English Courses – Asbury University
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Advising Guide

This guide provides a quick overview of the normal two-year rotation of courses in the English Department. This schedule is subject to change, based on enrollment and staffing. For specific times and days, please consult the official online schedule published by the Registrar.

Course Offerings for Spring 2022

▾ ENG 232 - British Literary Traditions II: Visions and Epiphanies

Dr. Strait       MWF 11:00-11:50

This semester we are going to explore literature (art) as the locus for epiphany. Our study will begin with the expressive epiphanies of the Romantics and conclude with “epiphanies” of modernism in Woolf and Joyce. In Joyce’s A Portrait of the Artist as a Young Man, we read, “By an epiphany [Stephen] meant a sudden spiritual manifestation, whether in the vulgarity of speech or of gesture or in a memorable phase of the mind itself. He believed that it was for the man of letters to record these epiphanies with extreme care, seeing that they themselves are the most delicate and evanescent of moments.” Our discussion will explore epiphanic moments in relation to revolution and society (Blake, Wordsworth, Coleridge); to change and permanence (Keats); to the pressure of the actual (Tennyson and Browning); to culture and human aspiration (Arnold, Huxley); to the saturation of experience (Hopkins); and to inwardness, awareness, order and disorder (Woolf, Joyce).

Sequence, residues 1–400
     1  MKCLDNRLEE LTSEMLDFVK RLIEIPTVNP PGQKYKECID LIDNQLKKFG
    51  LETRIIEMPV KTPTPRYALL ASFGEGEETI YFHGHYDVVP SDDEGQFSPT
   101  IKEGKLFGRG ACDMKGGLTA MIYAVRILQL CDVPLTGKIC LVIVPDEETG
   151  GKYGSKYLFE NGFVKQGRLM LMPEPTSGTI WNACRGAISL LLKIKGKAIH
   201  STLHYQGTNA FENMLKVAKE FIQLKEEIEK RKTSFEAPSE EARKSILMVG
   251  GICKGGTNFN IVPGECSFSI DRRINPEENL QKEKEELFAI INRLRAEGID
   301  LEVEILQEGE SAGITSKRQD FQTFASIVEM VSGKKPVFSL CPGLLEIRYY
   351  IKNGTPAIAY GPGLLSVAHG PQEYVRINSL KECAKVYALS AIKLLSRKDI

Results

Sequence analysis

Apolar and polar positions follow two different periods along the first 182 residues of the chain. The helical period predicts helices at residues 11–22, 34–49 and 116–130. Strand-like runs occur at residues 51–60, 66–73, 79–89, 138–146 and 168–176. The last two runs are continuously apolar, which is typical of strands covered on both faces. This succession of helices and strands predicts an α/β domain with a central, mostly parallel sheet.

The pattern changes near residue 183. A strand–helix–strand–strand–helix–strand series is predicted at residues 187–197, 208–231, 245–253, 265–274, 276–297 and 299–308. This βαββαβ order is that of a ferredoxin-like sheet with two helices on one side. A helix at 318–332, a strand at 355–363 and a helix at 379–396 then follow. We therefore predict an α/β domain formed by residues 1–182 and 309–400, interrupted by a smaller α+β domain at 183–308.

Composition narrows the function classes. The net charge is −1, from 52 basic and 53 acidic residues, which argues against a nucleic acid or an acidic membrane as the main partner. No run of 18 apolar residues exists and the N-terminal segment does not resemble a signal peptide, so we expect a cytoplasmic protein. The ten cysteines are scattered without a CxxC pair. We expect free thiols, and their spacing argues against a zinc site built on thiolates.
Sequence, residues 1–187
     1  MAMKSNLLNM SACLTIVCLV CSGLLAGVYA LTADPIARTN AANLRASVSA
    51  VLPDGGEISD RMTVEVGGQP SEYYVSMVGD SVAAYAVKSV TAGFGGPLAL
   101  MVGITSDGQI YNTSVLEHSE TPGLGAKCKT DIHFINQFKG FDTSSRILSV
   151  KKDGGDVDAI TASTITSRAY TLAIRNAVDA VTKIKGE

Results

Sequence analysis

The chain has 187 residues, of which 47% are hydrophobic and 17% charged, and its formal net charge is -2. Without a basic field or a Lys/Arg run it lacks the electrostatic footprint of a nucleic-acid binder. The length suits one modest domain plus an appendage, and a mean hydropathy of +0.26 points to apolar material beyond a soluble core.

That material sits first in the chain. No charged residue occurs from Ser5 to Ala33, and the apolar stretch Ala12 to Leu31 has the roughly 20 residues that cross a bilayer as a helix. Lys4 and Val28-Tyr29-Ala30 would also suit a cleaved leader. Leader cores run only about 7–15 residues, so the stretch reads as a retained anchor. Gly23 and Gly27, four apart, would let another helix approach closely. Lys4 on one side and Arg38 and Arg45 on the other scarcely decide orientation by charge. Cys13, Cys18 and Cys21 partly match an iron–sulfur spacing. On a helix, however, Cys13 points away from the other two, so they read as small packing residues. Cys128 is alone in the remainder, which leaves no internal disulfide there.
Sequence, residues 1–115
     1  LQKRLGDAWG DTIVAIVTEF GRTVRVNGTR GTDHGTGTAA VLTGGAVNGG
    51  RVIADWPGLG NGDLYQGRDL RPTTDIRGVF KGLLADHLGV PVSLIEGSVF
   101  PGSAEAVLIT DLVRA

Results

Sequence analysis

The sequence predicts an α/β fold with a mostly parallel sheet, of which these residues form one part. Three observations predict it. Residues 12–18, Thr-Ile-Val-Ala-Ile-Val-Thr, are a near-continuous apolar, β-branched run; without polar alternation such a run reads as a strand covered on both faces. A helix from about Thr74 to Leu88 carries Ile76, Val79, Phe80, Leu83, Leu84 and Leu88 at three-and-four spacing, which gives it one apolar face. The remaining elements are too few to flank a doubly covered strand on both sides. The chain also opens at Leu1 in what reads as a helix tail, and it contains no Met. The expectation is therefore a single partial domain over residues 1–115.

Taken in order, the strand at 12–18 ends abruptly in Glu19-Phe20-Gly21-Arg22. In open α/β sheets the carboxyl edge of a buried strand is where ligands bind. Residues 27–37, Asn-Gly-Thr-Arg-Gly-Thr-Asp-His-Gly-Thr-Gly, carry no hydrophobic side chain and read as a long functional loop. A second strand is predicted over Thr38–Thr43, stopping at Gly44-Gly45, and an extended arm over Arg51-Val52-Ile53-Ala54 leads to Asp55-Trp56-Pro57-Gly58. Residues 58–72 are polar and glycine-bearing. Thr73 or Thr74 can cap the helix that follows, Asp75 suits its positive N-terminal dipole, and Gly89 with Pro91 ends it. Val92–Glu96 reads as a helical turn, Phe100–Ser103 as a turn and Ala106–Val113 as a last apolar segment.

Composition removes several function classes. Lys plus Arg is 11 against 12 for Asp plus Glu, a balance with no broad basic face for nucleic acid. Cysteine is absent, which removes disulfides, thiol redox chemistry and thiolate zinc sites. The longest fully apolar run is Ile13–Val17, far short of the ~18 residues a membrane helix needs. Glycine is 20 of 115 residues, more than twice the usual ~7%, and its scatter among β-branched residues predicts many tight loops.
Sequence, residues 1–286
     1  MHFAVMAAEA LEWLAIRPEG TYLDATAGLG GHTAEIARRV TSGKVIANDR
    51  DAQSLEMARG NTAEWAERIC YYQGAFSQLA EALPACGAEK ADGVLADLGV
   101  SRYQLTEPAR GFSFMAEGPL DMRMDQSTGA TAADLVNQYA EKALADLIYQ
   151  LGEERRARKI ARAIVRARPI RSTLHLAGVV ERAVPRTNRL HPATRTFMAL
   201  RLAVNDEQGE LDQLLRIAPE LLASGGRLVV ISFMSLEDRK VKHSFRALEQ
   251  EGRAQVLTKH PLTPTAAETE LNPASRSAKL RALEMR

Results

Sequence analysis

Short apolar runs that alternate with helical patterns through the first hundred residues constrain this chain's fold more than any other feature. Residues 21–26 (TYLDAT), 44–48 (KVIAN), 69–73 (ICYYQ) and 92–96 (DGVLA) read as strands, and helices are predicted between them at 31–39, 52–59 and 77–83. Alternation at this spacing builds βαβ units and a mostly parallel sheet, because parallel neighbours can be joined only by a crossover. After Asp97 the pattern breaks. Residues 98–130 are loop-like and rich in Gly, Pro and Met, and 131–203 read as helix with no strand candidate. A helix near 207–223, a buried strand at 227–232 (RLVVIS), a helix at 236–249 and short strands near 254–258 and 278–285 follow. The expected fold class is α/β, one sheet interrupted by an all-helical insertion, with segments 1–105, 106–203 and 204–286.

▾ ENG 241 - Beginning Fiction: But is There a There There

Prof. Erny     MWF 2:00-2:50

In this class, we will lean hard into the tools the storyteller has to create authentic "theres' there" in people, places, and time. We will read masters of the craft and examine how they have crafted their stories to engender a potent response in their audiences, and we will write, imitate, and experiment in order to create our own people and worlds, complete works of fiction. We will focus on harnessing imagery, figurative language, description, and syntax in order to create works of short fiction. We will experiment and experience in order to stimulate new work. Through the study of short fiction by Toni Cade Bambara, Haruki Murakami, Octavia Butler, and Tommy Orange (among others), we will apprentice under masters who have created very real places and people to explore the human condition and themes stretching across space and time. This is a craft and workshop course where we will also practice being in writing community, learning how to participate in the exchange of ideas and compelling conversation with which to cultivate compelling work.

▾ ENG 262 - American Literature II: Challenges to American Identity

Dr. Penner    TR 8:00-9:15

Wherever you might fix the start of American identity, the Civil War marks an important moment of rebirth for the fledgling nation. In our study of American literature from that revival to the present, we begin with three authors who challenge easy definitions of “the American writer.” Henry James and T. S. Eliot reverse the path of early-American colonists, leaving their American birthplace to become British subjects; James Baldwin goes farther, leaving Harlem for Europe’s capitals, where he finds something that better resembles “the land of the free” than his native country.

Even for those who stay, America must mean more than New York and Boston. Mark Twain, William Faulkner, and Wendell Berry draw on the American landscape to ground their understanding of American literary identity.